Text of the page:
C may be technically different in that she mentioned that Japanese soldiers “threatened her adoptive father.” However, since it can be interpreted that her adoptive father was threatened when he was “suspected to be a spy,” it doesn’t mean the testimony itself conflicts. What is more, since it she hasn’t wavered from the fact that she was separated from her adoptive father and that Japanese soldiers took her to the comfort station by truck, it can’t be said that her testimony has changed. A person may be reminded of something as their memory becomes more vivid upon repetition of the testimony. Just because she didn’t mention it in testimony at the time doesn’t mean we can reject everything she has said.
Moreover, it doesn’t matter whether someone forced to become a “comfort woman” was a Korean female entertainer or not. What matters is that she was forcefully taken to a comfort station by truck. If her adoptive father “sold” her to soldiers before she realized it, it means that Japanese military was involved in human trafficking in female minors. If so, it is a matter of grave concern since it was a crime under the Penal Code of the time. (Article 224, Kidnapping of Minors) stipulates that a person who kidnaps a minor by force or enticement shall be punished by imprisonment, and Article 225 of the same Code (Kidnapping for Profit) stipulates that a person who kidnaps another by force or enticement for the purpose of profit, indecency, marriage or threat to the life or body shall be punished by imprisonment.
3 Both the Kono Statement and Successive Prime Ministers Have Acknowledged the Use of Coercion by ‘Testimony.’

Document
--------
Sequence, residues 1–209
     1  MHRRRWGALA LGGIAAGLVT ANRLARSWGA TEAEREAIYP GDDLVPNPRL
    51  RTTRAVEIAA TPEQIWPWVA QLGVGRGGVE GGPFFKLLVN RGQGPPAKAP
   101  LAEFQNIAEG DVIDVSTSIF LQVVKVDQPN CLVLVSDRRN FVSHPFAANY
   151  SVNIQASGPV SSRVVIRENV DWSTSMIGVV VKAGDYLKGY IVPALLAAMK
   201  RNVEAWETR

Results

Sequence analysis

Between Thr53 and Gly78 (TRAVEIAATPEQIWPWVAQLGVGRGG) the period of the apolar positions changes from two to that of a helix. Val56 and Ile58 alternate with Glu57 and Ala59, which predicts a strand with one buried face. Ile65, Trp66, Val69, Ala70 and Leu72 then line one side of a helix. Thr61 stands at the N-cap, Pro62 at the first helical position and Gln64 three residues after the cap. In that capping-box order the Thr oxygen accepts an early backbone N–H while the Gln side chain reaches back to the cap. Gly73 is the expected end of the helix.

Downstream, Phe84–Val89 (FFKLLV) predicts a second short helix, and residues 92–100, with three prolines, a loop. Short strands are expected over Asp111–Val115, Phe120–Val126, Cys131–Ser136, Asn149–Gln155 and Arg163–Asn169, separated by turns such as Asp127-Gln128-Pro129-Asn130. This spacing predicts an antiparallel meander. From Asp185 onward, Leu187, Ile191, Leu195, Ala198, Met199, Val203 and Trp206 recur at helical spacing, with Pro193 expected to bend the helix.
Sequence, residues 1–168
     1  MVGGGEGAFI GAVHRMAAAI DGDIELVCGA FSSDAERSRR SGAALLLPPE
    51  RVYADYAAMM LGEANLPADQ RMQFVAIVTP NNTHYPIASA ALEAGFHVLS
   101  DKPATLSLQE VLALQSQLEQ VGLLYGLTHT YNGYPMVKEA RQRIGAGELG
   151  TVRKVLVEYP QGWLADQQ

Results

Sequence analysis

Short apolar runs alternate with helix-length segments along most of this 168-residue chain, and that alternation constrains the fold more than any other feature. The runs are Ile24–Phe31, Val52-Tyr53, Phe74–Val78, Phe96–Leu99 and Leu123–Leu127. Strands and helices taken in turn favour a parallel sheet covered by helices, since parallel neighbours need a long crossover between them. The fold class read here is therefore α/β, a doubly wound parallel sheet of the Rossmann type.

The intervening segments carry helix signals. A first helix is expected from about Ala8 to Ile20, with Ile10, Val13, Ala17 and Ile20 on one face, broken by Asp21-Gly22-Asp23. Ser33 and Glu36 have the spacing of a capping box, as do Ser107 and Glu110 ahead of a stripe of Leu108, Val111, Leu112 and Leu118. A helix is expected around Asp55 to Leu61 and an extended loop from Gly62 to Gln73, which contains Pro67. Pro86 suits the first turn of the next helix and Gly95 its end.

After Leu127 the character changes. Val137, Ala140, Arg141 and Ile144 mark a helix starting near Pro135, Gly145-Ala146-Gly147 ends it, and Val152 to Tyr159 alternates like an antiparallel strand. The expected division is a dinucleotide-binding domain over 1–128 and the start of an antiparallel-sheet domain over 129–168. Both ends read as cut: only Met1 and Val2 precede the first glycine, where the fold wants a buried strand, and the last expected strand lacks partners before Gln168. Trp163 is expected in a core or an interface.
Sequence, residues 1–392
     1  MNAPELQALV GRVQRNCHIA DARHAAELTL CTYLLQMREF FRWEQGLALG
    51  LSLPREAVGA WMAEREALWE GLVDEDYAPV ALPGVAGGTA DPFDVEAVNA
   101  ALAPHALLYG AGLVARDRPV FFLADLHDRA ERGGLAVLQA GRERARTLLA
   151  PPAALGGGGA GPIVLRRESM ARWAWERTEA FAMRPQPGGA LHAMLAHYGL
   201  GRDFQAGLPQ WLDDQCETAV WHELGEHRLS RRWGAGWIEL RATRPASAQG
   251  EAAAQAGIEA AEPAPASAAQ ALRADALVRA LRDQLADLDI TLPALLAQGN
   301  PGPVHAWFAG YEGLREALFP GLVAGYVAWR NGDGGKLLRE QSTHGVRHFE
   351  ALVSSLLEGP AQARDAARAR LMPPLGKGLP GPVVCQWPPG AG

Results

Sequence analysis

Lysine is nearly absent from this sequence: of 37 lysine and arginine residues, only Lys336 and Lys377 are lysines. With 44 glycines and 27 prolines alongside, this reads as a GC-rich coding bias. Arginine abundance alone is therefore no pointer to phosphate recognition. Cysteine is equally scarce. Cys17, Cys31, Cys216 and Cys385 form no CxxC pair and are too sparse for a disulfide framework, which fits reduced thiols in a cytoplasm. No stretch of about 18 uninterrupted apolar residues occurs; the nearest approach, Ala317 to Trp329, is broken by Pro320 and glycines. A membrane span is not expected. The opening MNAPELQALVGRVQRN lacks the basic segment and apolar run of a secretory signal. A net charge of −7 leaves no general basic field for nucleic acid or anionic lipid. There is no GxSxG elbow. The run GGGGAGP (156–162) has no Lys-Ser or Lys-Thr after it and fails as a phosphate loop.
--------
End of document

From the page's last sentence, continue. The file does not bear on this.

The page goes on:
The Kono Statement acknowledged that coercion had been used in the recruitment and retention of “comfort women”. The reason Kono Yohei released the Statement was upon listening to the stories of sixteen female victims. He said, “They offered explanation after explanation on the situation known only to those who had experienced such tremendous hardships,” and that considering the situation, it was a sufficiently reliable story from various angles (Asian Women’s Fund, “Oral History―Asian Women’s Fund” in March, 2007).
Since the time Prime Minister Hashimoto Ryutaro took office, successive Prime Ministers including Abe’s first Cabinet have all adhered to the Kono Statement. The reason the government has given for acknowledging the use of coercion is that “There was no mention in the documents investigated by the government that directly pointed to so-called forcible recruitment (of comfort women) by the military or government authorities. We acknowledged the use of a certain level of coercion from an overall examination of the issue.” In other words, the government has historically recognized the truth of the women’s testimony.
4 The Victims Shouldn’t Be Obliged to Find Out Who Was Responsible.
In any case it is a useless endeavor to look to the women’s testimony in order to ascertain who managed and supervised the comfort stations, who issued the orders to establish them, and by whose orders the victims were taken there. That is because these women were directly deceived by police officers, ward mayors, and business people. They have no way of knowing who masterminded the system or gave the orders to recruit.
To point to the women’s testimony and say that we can’t see the people responsible doesn’t mean they don’t exist. It is not the victims, but the Japanese Government that is responsible for finding out the truth of what actually happened, by means of the victims’ testimony.